Introduction to cryptocurrency trading chart types

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Cryptocurrency price charts provide the foundation for a market’s technical analysis, and the ability to form a market view from studying a price chart is among the prerequisites to trading crypto effectively.

The most widely used chart types by crypto traders include:
  • Line
  • Bar
  • Candlestick

Line charts for trading

Line charts are rather basic and simply plot each time period’s closing price. Compare and contrast the line chart below with the following Bar and Candlestick charts.

Bar charts for trading

Bar charts are commonly used and understood price charts. Each plotted bar reflects the opening, highest, lowest and closing prices for a specific time frame.

The bars are graphed on a chart, where the vertical axis represents price, while the horizontal axis indicates time. Most one-year charts utilize one-day bars.

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The difference between the highest and lowest price on a bar is known as its range. A bar instance where the bar period closes higher than the open results in the bar being colored green on Liquid, and where the bar period closes lower than the opening price, the bar is colored red.

The bar chart can also be used for other time intervals (periods), such as the 5min, 60min, 4hr, weekly or even monthly.

Candlestick charts for trading

Candlestick charts are similar to bar charts, capturing each time period’s high, low, open and close, but are more expressive visually and in the information conveyed.

Candlestick patterns (consecutive candlesticks of a certain shape) can hint at trend continuation and reversals, as well as help define price range, support, resistance, and sentiment.

As with the bar chart, a candlestick chart consists of candles that are generally either white or black, or green or red on Liquid, reflecting the traded range within each time period.

A white or green candlestick is also known as a “hollow” candlestick, and it is characterized by the closing price being above the opening price for that time frame. When the close is below the open, the candlestick is coloured black or red and described as “filled”.

The “body” or “wax” of the candle reflects the range between the opening and closing price for the period, while the period’s high and low create the candle’s “shadows” (also known as “wicks” and “tails”).

Candlesticks are interpreted similarly to bar charts, as seen in the diagram below.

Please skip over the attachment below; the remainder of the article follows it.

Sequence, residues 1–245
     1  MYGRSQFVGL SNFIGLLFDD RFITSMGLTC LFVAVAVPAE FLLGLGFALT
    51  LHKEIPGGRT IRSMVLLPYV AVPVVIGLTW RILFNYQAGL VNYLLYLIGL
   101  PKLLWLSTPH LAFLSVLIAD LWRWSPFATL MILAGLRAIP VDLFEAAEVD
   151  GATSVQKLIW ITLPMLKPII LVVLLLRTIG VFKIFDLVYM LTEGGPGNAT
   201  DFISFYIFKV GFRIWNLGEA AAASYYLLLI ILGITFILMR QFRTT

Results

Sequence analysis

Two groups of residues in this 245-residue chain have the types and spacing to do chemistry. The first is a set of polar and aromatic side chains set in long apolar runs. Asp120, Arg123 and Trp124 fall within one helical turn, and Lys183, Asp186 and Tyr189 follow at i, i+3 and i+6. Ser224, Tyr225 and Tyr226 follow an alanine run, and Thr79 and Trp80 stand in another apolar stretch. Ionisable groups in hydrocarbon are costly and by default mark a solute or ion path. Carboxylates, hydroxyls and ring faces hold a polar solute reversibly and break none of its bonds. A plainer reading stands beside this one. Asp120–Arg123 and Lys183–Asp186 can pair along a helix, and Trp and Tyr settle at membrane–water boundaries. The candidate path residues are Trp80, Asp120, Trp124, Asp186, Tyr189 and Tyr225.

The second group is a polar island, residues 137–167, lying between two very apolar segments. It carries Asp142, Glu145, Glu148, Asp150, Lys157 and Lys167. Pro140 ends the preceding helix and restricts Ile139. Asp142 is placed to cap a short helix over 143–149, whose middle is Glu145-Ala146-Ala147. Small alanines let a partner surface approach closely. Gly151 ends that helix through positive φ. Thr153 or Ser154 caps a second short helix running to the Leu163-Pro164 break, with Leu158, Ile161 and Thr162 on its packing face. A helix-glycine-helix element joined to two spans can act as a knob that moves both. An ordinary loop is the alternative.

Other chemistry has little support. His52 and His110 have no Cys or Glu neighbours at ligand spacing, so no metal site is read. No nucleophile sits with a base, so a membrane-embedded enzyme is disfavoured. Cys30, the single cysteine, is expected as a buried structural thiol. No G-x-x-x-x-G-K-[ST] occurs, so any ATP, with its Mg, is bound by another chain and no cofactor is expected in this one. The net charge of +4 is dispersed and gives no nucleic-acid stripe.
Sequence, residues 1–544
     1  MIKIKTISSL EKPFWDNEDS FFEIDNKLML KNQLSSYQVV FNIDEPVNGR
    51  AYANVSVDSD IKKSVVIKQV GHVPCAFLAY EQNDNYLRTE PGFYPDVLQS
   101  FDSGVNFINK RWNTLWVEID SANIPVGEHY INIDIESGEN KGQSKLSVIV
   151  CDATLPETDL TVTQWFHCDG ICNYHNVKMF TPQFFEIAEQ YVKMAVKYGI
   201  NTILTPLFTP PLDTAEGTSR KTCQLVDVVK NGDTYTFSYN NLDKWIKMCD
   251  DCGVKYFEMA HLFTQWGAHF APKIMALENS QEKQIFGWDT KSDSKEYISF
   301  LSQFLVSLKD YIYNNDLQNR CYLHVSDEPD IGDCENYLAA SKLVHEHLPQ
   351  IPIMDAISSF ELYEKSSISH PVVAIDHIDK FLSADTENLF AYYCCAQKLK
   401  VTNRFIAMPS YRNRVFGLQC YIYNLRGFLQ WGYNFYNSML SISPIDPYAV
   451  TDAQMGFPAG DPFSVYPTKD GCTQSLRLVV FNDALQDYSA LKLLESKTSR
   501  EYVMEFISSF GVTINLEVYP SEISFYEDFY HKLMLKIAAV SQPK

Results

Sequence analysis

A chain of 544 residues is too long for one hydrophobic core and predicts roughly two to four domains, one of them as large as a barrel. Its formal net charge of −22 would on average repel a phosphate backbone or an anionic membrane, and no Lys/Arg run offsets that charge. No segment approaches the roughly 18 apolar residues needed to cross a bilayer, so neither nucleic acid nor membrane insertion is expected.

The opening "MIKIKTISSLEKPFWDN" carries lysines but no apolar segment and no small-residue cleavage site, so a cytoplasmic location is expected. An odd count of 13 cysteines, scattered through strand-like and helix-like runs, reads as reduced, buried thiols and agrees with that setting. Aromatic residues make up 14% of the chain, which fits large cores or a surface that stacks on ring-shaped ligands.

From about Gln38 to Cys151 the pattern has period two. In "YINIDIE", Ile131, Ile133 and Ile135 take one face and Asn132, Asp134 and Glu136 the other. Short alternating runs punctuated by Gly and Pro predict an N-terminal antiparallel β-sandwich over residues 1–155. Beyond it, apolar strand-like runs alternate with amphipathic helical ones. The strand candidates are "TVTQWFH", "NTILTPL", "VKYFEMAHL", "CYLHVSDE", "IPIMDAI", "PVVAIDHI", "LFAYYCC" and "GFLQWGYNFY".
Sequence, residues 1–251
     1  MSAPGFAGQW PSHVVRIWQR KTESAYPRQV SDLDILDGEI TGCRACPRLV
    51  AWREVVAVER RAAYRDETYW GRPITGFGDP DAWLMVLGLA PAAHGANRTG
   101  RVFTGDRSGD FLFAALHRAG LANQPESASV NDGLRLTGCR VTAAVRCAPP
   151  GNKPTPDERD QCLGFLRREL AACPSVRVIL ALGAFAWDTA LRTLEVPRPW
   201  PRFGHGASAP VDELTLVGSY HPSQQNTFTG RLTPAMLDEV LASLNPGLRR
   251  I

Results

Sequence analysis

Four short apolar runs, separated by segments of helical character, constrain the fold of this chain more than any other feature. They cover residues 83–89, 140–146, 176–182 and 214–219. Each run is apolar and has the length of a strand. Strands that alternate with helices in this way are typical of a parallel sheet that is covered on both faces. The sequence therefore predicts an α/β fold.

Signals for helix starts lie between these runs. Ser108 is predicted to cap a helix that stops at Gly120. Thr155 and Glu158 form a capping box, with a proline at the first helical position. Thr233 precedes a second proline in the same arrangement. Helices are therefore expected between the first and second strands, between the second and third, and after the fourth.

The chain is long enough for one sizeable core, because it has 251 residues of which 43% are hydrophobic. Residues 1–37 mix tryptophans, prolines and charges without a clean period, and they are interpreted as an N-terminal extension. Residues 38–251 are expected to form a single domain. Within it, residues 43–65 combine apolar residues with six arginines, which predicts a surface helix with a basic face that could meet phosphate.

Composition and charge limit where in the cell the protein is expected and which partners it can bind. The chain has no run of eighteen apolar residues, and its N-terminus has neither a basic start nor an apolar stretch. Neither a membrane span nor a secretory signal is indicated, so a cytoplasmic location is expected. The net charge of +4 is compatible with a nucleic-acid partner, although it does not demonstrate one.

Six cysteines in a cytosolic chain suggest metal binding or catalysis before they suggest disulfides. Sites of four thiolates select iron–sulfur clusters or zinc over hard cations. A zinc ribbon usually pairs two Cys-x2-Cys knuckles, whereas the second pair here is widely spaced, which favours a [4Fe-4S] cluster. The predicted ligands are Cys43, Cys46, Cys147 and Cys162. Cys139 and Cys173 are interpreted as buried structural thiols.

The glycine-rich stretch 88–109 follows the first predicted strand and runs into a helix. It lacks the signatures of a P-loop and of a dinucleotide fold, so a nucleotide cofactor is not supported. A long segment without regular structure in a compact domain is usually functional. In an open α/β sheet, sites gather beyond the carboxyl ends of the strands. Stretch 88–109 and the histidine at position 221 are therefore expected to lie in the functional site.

As seen in the chart above, candlesticks provide price trend and volatility information more clearly than bar charts.

The relationship between each period’s open and close, and between the highs and lows, reflects buying or selling pressure and is invaluable to all traders. The shape and color of consecutive candles also provide clues as to future market movement.

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This content is not financial advice and it is not a recommendation to buy or sell any cryptocurrency or engage in any trading or other activities. You must not rely on this content for any financial decisions. Acquiring, trading, and otherwise transacting with cryptocurrency involves significant risks. We strongly advise our readers to conduct their own independent research before engaging in any such activities.

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Darren Chu, CFA

Darren Chu, CFA, is the founder of Tradable Patterns, publisher of daily technical analysis on Bloomberg, Thomson Reuters, Factset, Interactive Brokers, Inside Futures, and other partner websites. Before the launch of Tradable Patterns, Darren served as IntercontinentalExchange | NYSE Liffe's country manager for Australia, India, and the UAE, expanding his role to look after Liffe business development in APAC ex-Japan/Korea until his departure mid April 2014. Previously, Darren was with the TMX Group | Montreal Exchange, marketing Canadian futures and options across North America, London, Singapore and Hong Kong. Darren also launched and managed CMC Markets Canada's Chinese marketing and sales team, along with educational offering. Visit for more information.